Kenya: Kenyatta declared winner in disputed election repeat


President Uhuru Kenyatta has been declared the winner of Kenya’s highly disputed election repeat.

For the second time in three months, Kenya held a presidential election – this time one with President Uhuru Kenyatta as the only candidate after opponent Raila Odinga pulled out. Kenyatta went on to win 98 percent of the vote, according to the country’s electoral commission.

Kenyatta wins disputed election repeat

With Kenyatta heading into the election repeat as the only candidate, his victory was never in doubt. However, it’s a win discredited by various political failures, starting with the country’s first election attempt in August. Kenyatta was named the winner of that election, too, but the country’s Supreme Court annulled the result after opponent Raila Odinga contested the vote count.

Kenya’s electoral commission (IEBC) has seen its reputation suffer over the last decade. Election violence and accusations of vote fraud are a regular occurrence and the Supreme Court’s ruling was a major blow to the commission.

Now it has to deal with an election repeat that only managed to generate a 38 percent turnout and voting suspended in four opposition strongholds.

Divisions intensified

Kenya’s political and ethnic divides are a constant source of concern in Kenya – particularly around elections. The country’s failure to hold a successful election at the first time of asking has drawn out a political split that has seen opposition supporters take to the streets in protest.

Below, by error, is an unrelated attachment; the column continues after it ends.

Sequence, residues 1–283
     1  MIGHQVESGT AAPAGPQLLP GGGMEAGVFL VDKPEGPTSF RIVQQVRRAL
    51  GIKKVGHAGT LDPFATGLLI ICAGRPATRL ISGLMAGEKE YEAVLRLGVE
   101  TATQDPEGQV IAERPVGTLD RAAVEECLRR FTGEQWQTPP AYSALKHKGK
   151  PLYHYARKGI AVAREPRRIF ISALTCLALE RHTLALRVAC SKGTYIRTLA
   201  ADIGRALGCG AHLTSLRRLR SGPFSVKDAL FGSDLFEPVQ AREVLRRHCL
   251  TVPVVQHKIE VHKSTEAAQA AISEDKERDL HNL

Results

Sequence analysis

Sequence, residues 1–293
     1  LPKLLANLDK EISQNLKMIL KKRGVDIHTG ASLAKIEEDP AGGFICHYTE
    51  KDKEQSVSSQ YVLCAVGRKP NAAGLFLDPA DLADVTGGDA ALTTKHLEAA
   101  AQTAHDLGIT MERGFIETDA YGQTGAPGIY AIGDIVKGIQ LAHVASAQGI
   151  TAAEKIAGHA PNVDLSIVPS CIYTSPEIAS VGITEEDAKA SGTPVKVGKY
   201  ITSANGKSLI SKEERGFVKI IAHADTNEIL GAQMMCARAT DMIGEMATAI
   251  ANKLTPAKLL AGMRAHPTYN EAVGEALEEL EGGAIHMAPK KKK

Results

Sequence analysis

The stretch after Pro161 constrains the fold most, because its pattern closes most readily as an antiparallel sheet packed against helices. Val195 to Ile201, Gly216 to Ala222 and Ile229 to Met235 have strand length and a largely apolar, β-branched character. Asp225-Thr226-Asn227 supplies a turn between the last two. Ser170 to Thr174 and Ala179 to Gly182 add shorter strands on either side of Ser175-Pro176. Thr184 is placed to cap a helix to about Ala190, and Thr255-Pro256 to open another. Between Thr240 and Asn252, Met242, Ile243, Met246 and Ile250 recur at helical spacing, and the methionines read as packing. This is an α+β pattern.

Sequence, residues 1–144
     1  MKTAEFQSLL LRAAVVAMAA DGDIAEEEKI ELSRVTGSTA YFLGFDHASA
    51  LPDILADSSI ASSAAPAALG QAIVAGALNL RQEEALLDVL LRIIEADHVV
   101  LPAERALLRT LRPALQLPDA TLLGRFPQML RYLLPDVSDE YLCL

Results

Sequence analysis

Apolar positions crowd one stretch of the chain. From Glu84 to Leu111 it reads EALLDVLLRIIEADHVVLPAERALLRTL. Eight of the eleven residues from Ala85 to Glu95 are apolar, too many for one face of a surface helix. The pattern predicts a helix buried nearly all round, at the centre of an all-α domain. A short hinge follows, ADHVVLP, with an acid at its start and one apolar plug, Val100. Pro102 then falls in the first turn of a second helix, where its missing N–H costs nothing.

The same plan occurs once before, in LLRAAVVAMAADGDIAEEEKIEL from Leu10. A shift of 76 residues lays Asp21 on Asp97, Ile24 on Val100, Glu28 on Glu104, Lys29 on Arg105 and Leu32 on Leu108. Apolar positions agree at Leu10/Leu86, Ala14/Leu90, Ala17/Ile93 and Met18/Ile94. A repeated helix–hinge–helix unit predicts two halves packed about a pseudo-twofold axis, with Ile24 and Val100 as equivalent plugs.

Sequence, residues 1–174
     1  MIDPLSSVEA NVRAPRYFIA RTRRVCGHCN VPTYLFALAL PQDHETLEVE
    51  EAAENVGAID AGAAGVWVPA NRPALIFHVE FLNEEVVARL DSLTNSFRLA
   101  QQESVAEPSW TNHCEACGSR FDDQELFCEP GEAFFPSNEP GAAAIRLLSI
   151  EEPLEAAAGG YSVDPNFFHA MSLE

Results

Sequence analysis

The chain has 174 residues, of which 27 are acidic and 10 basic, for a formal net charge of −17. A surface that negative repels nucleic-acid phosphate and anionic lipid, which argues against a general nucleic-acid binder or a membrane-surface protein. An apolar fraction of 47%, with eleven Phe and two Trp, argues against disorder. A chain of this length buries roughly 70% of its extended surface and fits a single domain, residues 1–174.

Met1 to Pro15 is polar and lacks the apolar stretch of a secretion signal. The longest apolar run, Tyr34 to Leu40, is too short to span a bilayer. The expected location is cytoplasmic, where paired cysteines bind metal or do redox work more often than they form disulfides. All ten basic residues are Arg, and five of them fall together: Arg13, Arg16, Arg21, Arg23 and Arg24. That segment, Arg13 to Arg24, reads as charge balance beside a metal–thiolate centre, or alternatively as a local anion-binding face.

Raila Odinga has rejected last week’s election repeat, calling for another vote to be held within 90 days.

Foreign diplomats in Nairobi have accused Kenyatta and Odinga fuelling last week’s election violence, calling on both sides to bring an end to the country’s political crisis.

Featured image: By Amanda Lucidon (Uhuru Kenyatta photograph) / World Economic Forum (Raila Odinga photograph) – /, CC BY-SA 2.0,

About Aaron Brooks

Aaron Brooks is a UK journalist who wants to cut out the international agendas in news. Spending his early years in both England and Northern Ireland he saw the difference between reality and media coverage at an early age. After graduating from the University of Chester with a BA in journalism, his travels revealed just how large the gap between news and the real world can be. As Editor-in-Chief at East Africa Monitor, it’s his job to provide a balanced view of what’s going on in the region for English-speaking audiences.